While few people know of it today, Radovich v. NFL is one of the most important legal cases in all of American sport.
This Supreme Court case decided that all sports except Major League Baseball are subject to antitrust laws.
This article explains the background to the case and what happened…in plain English.
Bill Radovich At The Detroit Lions
Bill Radovich was a Serbian-American football player and actor in the early to mid part of the 20th century. He starred on the field at the University of Southern California, while doing bit parts in movies in his spare time.
When Radovich was completing his college years, he set his sights on the NFL.
Bill went undrafted in the 1937 NFL draft. However, he embarked on a campaign to get the attention of several teams. This worked and he signed with the Detroit Lions.
In a contrast with the NFL today, the main attraction of the Lions was that they would also provide off-season work for their players!
He played offensive guard and defensive linebacker in the era of single-platoon football. (Single-platoon means that everyone had to play both offense and defense).
In his first season, he was named All-Pro and played in the first-ever All-Star Game. One of his teammates in this game was future Supreme Court Justice Byron “Whizzer” White.
Bill played with the Lions until 1941 when he entered the Navy for World War II.
After the war, he returned to the Lions and was named All-Pro for the 1946 season.
Radovich Asks To Be Traded
In 1946, Bill received word that his father, who lived in Southern California, had fallen ill. Bill wanted to be able to spend more time with his ailing father.
Right at this time, Bill received an offer from the Los Angeles Dons. This was a team in a new league that had gone into competition with the NFL.
Of course, a new league would be a threat to the NFL for audience and players. The Dons offered Bill twice what the Lions were paying him. It was perfect for what he wanted.
So, Bill went to the owner of the Lions, Fred Madel, Jr. He asked Madel for one of two options:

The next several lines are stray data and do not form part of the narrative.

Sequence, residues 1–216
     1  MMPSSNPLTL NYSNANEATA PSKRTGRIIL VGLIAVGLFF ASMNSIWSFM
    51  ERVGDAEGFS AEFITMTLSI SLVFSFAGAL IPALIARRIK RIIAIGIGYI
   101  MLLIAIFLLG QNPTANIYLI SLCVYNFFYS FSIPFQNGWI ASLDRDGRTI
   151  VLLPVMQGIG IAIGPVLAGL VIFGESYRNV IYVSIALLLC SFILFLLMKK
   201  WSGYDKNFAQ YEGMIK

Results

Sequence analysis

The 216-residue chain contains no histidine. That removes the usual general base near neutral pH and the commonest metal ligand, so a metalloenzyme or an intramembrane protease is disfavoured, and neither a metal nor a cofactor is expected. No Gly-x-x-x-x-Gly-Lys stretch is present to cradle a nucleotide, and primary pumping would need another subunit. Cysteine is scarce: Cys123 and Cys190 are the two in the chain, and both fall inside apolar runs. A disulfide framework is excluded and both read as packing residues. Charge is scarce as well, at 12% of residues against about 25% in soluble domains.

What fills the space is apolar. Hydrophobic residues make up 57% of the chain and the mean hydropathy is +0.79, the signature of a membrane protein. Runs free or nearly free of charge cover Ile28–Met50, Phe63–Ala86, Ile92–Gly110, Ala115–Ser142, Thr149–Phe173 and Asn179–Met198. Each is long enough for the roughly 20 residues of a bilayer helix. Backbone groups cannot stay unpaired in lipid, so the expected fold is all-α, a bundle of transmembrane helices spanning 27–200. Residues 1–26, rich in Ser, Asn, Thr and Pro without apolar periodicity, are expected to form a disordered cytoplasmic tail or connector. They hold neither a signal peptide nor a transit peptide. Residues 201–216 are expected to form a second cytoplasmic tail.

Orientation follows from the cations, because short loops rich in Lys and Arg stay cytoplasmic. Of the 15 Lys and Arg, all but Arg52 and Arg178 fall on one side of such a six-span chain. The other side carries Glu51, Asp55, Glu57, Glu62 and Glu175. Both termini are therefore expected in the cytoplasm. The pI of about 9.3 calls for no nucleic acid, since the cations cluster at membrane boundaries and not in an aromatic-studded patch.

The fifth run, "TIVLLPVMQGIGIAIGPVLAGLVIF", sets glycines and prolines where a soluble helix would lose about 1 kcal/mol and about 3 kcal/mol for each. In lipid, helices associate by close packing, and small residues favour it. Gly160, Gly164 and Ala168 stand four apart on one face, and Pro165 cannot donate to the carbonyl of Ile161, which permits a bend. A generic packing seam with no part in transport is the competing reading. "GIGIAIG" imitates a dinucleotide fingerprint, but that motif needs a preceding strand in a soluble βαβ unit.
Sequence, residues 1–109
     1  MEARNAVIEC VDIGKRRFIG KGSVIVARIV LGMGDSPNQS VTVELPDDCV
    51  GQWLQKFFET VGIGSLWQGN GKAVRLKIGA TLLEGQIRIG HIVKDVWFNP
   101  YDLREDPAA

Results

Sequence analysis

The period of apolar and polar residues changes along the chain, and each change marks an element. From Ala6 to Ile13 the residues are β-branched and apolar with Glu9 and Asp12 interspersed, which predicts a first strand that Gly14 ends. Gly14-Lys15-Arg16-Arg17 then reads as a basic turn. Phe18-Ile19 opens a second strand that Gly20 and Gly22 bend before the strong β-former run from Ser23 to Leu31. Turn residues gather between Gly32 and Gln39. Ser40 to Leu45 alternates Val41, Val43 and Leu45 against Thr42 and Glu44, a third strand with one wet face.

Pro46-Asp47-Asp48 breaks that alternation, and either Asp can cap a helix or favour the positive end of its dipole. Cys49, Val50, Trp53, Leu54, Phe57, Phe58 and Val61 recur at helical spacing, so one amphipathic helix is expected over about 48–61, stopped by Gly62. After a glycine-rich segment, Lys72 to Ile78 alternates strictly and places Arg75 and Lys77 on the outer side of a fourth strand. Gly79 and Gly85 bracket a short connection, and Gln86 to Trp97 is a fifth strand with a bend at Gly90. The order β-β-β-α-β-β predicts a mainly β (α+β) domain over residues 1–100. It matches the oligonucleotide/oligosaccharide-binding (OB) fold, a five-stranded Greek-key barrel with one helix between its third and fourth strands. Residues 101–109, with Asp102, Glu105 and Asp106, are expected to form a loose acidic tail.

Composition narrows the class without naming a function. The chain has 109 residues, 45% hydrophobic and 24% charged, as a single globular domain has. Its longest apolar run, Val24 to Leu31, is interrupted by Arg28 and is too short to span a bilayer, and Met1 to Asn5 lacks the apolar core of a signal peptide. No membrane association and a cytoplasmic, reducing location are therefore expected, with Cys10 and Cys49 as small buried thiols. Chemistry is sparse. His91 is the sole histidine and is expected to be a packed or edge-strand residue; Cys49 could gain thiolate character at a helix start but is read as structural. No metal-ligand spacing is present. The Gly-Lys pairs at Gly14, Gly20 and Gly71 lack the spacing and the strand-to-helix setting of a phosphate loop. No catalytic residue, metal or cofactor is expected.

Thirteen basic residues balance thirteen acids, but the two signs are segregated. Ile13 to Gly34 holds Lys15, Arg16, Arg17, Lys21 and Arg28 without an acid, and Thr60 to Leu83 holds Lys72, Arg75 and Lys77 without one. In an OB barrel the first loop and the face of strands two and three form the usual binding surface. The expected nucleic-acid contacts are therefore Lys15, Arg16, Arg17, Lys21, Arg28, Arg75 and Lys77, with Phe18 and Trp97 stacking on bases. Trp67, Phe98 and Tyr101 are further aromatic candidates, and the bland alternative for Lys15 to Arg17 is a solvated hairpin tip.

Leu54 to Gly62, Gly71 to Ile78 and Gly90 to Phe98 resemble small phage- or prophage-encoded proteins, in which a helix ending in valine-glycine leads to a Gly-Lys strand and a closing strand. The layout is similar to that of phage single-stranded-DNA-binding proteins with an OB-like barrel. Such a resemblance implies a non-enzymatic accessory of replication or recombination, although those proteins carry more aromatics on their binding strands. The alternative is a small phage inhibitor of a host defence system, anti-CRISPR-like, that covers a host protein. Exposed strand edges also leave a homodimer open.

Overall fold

- a trade to the Los Angeles Rams, or
- more money so that he could afford to visit his father more often.
NFL’s Reserve Clause
It’s important to know that Bill’s contract had actually expired at the time. But this didn’t mean that he could leave the Lions and join another club just because he wanted to.
Instead, he had to request the owner to trade him.
This was due to the “reserve clause” in the NFL in those days. The reserve clause meant that the Lions had the right to Bill as a player, even after his contract expired.
This right lasted for a player’s NFL career. The only way Bill could go somewhere else was if the Lions agreed to trade him.
When Bill asked Fred Madel, Jr., to trade him to the Rams or match the Dons offer, Madel’s reply was stark:
You’ll play in Detroit or you won’t play anywhere. And, if you try to play in that new league, I’ll have you blacklisted for five years.Fred Madel Jr (Account by a niece of Radovich)
Bill wasn’t a man to heed threats. He signed with the Dons and played there for two seasons. Unfortunately for Bill, the Dons then merged with the NFL’s Los Angeles Rams. This new team was now back in the NFL!
Bill wasn’t eligible to stay with the team because the NFL wouldn’t hire back any players who defected to the new league.
The blacklist extends further
Bill was at the age now to retire from playing, so he looked around for opportunities off the field. He accepted an offer to coach a minor league team.
However, they had to let him go when the NFL Commissioner got wind of his new job. The Commissioner told the team they couldn’t hire him without facing reprisals from the NFL.
Bill had to move to Canada to coach in the Canadian football League. But this meant he was away from his loved ones.
He returned to California to be near his family at the end of one season.
A Fateful Encounter
At this point, Bill was back in southern California and out of football. The man needed to feed his family and he was resourceful.
He turned to acting as a career while working as a floor manager in a local restaurant to supplement his income between roles.
One evening when working at the restaurant, a football fan recognized him. This fan was also an antitrust attorney. It was a young Joseph Alioto who would go on to have a colorful career of his own in later years.
But here, he was a fan wondering why an outstanding football player was working in a restaurant.
Bill told Alioto his entire story. He explained that he was on a list of players that the NFL had of people who were not to be hired by any team in any capacity.
Alioto had heard of the blacklist, but had not encountered it “up close and personal”. That night, the young attorney drew up a plan for a lawsuit on a cocktail napkin, right on the spot.
The Lower Courts